Talking with patients after a medical error what to do what to say
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Talking with Patients after a Medical Error: What to do? What to say?. Julie Crosson, MD, Evans Educator Communication Skills Thomas Barber, MD, Evans Educator, Department of Medicine ML Hannay, M.Ed., Communication & Leadership Specialist Medicine Grand Rounds, January 6, 2012

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Talking with patients after a medical error what to do what to say

Talking with Patients after a Medical Error:What to do? What to say?

Julie Crosson, MD, Evans Educator Communication Skills

Thomas Barber, MD, Evans Educator, Department of Medicine

ML Hannay, M.Ed., Communication & Leadership Specialist

Medicine Grand Rounds, January 6, 2012

Boston University School of Medicine

Thank you to The American Academy on Communication in Healthcare, and to

Dr. Robert Truog, Exec. Dir. Institute for Professionalism and Ethical Practice, HMS


Disclosure

Disclosure

I have made medical errors that affected patients.


Why a grand rounds on errors

Why a grand rounds on errors?

  • Increase patient trust

  • Decrease doctor isolation and burnout

  • Improve patient safety by talking to colleagues about errors to improve safety outcomes


Overview

Overview

  • Present case of a medical error

  • Review current data on “Disclosure Gap”

  • Identify benefits and barriers to disclosure and apology

    4.Review steps for talking about medical errors with patients and families

    5. Reflect on the case


Case presentation

Case presentation

  • 66 yr old man with complex PMH admitted to medical service in May 2011 for nausea and abdominal pain.

  • History of IDDM, CAD s/p CABG and AVR for AS, CVA, PVD, OSA, HTN, hyperlipidemia, anxiety, COPD w 50 pack-year tobacco history

  • On 27 medications

  • Retired, worked unloading trains; lives w daughter and wife


History and exam

History and Exam

  • Admitted for ? CVA vs. TIA 3/10. Since then, c/o persistent nausea, burping, bloating and epigastric pain w/o vomiting. No change in diet or appetite. Normal BM. Confused about meds.

  • VS: 197/115, 88, 20 (O2 sat 95% RA) Afebrile

  • Not acutely ill but uncomfortable. RRR S1S2 normal, 3/6 systolic ejection M, lungs clear, abd w active BS, soft, nondistended, nontender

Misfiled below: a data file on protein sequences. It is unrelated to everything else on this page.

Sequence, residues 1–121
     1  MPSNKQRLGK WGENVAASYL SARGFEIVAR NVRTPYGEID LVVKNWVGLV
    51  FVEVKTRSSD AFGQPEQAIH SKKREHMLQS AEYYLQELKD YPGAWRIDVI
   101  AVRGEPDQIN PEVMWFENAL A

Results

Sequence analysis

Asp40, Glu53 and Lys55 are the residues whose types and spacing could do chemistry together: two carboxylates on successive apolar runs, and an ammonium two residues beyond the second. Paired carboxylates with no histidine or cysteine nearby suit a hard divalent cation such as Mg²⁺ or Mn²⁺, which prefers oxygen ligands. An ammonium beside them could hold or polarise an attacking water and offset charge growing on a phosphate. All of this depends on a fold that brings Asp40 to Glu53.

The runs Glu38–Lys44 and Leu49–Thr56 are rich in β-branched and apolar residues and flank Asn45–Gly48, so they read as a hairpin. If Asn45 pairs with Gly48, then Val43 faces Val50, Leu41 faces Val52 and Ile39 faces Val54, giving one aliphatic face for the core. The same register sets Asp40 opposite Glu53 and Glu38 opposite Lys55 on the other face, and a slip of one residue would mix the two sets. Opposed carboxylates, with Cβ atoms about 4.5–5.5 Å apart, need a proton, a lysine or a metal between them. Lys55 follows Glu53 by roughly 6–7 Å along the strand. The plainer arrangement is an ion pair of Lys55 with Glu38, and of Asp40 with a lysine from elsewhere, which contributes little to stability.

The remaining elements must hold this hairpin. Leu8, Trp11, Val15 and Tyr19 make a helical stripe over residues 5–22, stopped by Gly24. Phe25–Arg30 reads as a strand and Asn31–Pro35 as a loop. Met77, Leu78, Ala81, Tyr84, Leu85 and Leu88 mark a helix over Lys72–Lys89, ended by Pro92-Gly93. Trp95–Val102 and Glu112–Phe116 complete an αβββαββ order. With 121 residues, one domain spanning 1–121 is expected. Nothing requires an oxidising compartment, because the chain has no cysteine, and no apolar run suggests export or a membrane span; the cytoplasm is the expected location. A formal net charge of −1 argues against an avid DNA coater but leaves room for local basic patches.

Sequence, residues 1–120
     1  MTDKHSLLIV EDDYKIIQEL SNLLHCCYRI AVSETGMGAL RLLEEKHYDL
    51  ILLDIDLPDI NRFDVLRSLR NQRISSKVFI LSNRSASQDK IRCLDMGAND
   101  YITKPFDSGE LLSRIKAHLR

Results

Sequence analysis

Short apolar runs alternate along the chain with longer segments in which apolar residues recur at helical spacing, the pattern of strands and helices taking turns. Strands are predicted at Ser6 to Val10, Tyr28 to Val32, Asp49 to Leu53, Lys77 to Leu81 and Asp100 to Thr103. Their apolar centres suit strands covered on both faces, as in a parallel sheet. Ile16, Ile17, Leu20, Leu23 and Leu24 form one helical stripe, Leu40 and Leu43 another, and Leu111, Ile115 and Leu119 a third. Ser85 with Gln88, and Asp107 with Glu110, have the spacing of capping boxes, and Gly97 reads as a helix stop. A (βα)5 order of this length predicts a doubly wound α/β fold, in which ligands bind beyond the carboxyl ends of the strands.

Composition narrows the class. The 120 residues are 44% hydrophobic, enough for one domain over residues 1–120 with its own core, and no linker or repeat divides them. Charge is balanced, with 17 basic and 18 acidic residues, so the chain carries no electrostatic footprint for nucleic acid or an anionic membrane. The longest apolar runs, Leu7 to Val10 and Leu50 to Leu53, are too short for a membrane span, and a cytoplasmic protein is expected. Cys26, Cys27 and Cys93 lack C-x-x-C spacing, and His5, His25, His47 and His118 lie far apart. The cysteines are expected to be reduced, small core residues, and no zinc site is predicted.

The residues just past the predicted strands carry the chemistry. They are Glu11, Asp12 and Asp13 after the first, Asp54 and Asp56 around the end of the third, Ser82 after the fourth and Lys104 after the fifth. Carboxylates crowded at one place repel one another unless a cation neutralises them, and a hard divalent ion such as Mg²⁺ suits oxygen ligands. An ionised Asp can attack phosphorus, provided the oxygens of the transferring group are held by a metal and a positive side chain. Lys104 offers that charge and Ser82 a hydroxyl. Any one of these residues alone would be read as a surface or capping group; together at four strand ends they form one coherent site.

• Labs: WBC 5.7, hgb 12.5, lytes normal, Gluc 266, amylase, LFTs, cardiac enzymes normal.


Imaging

Imaging

  • KUB moderate amount of stool, no obstruction.

  • CT abd/pelvis: no obstruction. Cholelithiasis, colonic diverticula w/o diverticulitis, rim enhancing splenic lesion likely hemangioma, oval soft tissue mass in RLL adjacent to the esophagus.


Impression

Impression

  • Probable diabetic gastroparesis. He had been prescribed metaclopromide but was unsure if he was taking this.

    • Metaclopromide, ondansetron, simethicone given

    • Control of hyperglycemia

    • Gastric emptying scan as outpatient

    • Lactose free diet

      “Other issues per house staff. We will try to simplify his complex regimen but defer major decisions to his new PCP and his cardiologists.”


Outcomes

Outcomes

  • Pt discharged after 36 hours, ? improved.

  • Frequent visits with PCP, endocrinology, cardiology over the summer

  • Gastric emptying scan normal.

  • 23 lb unexplained weight loss between May and September 2011: Weight loss w/up, including CXR 9/7 normal.

  • 9/21/11 PCP paged me: “did you know about the mass in the RLL? It’s documented in the admit note and in the DC summary that this needed f/up. I didn’t know about it till today.”


Readmitted to hospital

Readmitted to hospital

  • Pt readmitted to my service 9/21/11 for urgent w/up.

  • CT chest w IV contrast: “interval growth of the RLL spiculated, centrally necrotic soft tissue mass adjacent to the esophagus, now with possible invasion into the esophageal wall. Findings very suspicious for cancer.”

  • Metastatic work up initiated.


If you were tom

If you were Tom…

  • What would your feelings/emotions be?

  • What do you think you should do or say?

  • What do you think you would do or say?


What does a patient want expect

What does a patient want/expect?

  • If this occurred to your father/brother, how would he feel?

  • What would he want/expect the doctor to do or say?


Talking with patients after a medical error what to do what to say

Patients’ Emotions

Dread

Fear (retribution form HCWs)

Isolation

Guilt (family: feel they didn’t keep

close enough watch on the pt)

Anger

Powerlessness

Worry

NEJM 2007

Doctors’ Emotions

Dread

Fear of Punishment (sued)

Isolation

Guilt/Shame (harming a pt)

Anger (poor system set them up)

Powerlessness

Worry (job, reputation)

Self-doubt

“The Second Victim”

Wu AW BMJ 2000;320:726-7